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One step closer to flexible TVs and high performance wearables

Credit: University of Manchester

A nanoscale transistor could take us a step closer to flexible televisions, tablets and phones, as well as ‘truly wearable’ smart technology.

Developed by researchers from the University of Manchester and Shandong University in China, the device, know as the thin film transistor (TFT) is made out of an oxide semiconductor.

The team says this is the first oxide-semiconductor based transistor that is capable of operating at a benchmark speed of 1GHz and could make next gen electronics faster, brighter and more flexible.

A TFT is a type of transistor usually used in LCDs. The LCD features a TFT behind each individual pixel which act as individual switches that allow the pixels to change state rapidly. This means they are able to turn on and off much quicker.

However, the researchers explain that most current TFTs are silicon-based which are opaque, rigid and expensive in comparison to their new device.

Professor Aimin Song of the University of Manchester, says: "TVs can already be made extremely thin and bright. Our work may help make TV more mechanically flexible and even cheaper to produce.

"But perhaps even more importantly, our GHz transistors may enable medium or even high performance flexible electronic circuits, such as truly wearable electronics. Wearable electronics requires flexibility and in many cases transparency, too. This would be the perfect application for our research.”

Prof. Song also indicates that there is a trend developing in smart homes, hospitals and cities, which the team's TFT could play a “key role” in.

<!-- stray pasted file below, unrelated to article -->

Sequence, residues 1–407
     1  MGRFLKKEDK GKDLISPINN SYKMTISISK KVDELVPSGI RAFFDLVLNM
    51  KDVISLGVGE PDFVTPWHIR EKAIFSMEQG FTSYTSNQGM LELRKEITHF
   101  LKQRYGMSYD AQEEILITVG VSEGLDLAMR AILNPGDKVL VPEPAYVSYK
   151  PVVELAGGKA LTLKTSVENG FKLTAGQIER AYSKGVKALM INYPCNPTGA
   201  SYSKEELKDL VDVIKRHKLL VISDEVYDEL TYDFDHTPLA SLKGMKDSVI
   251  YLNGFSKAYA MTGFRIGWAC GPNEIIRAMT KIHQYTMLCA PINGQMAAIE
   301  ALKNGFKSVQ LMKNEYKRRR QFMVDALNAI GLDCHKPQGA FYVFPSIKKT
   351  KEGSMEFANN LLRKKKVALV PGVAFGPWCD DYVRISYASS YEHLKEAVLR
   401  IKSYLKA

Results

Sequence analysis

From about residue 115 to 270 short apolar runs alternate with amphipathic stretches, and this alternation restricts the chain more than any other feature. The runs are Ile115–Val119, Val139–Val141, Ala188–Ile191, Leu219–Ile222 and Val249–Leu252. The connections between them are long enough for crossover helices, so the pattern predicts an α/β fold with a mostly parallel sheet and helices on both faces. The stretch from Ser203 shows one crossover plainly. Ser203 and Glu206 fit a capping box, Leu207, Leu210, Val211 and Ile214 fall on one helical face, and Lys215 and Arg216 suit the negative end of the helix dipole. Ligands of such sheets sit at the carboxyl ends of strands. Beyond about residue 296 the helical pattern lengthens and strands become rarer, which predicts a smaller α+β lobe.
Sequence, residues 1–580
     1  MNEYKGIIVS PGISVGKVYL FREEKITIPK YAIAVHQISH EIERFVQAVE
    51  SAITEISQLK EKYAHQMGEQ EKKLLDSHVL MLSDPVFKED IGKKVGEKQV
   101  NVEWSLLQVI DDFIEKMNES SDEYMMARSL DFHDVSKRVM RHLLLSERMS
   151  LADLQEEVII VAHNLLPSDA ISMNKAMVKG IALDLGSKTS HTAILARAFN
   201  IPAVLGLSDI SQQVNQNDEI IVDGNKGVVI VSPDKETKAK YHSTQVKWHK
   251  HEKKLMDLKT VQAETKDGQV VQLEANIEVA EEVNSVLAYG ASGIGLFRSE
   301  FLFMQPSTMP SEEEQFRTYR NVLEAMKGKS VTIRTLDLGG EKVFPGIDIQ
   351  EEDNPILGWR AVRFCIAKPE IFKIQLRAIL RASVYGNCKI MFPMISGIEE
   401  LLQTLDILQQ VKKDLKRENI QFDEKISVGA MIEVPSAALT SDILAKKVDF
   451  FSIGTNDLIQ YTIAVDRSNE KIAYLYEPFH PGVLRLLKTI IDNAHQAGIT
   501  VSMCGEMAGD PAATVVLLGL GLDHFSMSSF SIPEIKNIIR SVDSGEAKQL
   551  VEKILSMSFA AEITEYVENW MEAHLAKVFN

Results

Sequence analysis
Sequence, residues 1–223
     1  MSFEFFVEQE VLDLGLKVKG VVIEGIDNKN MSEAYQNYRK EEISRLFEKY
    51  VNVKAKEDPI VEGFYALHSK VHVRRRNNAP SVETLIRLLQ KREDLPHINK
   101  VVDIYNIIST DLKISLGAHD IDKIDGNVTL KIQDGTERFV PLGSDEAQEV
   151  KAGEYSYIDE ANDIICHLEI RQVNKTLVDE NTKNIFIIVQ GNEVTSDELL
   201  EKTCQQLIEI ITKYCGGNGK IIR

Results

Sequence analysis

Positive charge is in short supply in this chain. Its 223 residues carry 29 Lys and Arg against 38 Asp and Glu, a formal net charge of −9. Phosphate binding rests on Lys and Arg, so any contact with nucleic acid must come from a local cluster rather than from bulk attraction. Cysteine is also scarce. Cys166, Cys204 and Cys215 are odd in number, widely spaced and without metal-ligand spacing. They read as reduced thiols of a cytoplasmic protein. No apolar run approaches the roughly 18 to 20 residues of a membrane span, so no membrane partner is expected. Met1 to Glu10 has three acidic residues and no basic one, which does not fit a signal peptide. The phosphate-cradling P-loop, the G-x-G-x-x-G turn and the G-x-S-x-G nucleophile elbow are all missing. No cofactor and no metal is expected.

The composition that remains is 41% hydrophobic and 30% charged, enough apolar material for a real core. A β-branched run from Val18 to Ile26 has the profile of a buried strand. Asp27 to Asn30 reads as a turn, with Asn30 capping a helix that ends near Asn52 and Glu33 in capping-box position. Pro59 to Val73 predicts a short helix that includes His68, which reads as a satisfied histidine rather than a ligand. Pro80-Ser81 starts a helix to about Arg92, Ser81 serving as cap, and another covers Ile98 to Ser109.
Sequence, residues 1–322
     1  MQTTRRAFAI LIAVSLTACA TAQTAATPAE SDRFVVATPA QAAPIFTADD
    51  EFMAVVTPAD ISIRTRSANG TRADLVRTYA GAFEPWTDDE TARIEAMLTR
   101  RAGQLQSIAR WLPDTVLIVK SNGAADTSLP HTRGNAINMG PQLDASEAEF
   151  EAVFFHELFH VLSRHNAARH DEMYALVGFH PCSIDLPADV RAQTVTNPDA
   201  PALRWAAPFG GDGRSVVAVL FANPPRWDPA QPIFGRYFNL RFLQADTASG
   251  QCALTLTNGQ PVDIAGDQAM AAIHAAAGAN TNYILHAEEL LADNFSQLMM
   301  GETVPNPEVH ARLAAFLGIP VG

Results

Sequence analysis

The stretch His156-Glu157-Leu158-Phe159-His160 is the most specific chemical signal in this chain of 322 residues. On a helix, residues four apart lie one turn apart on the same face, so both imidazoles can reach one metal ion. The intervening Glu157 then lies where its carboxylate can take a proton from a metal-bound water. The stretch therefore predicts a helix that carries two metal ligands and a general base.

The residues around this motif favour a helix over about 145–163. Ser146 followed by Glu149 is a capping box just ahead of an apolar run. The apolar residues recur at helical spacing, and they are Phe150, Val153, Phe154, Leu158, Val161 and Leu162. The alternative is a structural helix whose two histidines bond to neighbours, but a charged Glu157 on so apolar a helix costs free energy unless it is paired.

Oxide-based technology has seen rapid development when compared to its silicon counterpart which is increasingly close to some fundamental limitations. Prof. Song says there has been fast progress in oxide-semiconductors in recent years and extensive efforts have been made in order to improve the speed of oxide-semiconductor-based TFTs. So much so that some oxide-based technology has already started replacing amorphous silicon in some gadgets, Prof Song adds, and these latest developments, he believes have brought commercialisation much closer.

“To commercialise oxide-based electronics,” Prof Song continues, “there is still a range of research and development that has to be carried out on materials, lithography, device design, testing, and large-area manufacturing. It took many decades for silicon technology to get this far and oxides are progressing at a much faster pace.

"Making a high performance device, like our GHz IGZO transistor, is challenging because not only do materials need to be optimised, but a range of issues regarding device design, fabrication and tests also have to be investigated.

“In 2015, we were able to demonstrate the fastest flexible diodes using oxide semiconductors, reaching 6.3 GHz – and it is still the world record to date.”

“So we're confident in oxide-semiconductor based technologies,” he concludes.

Bethan Grylls

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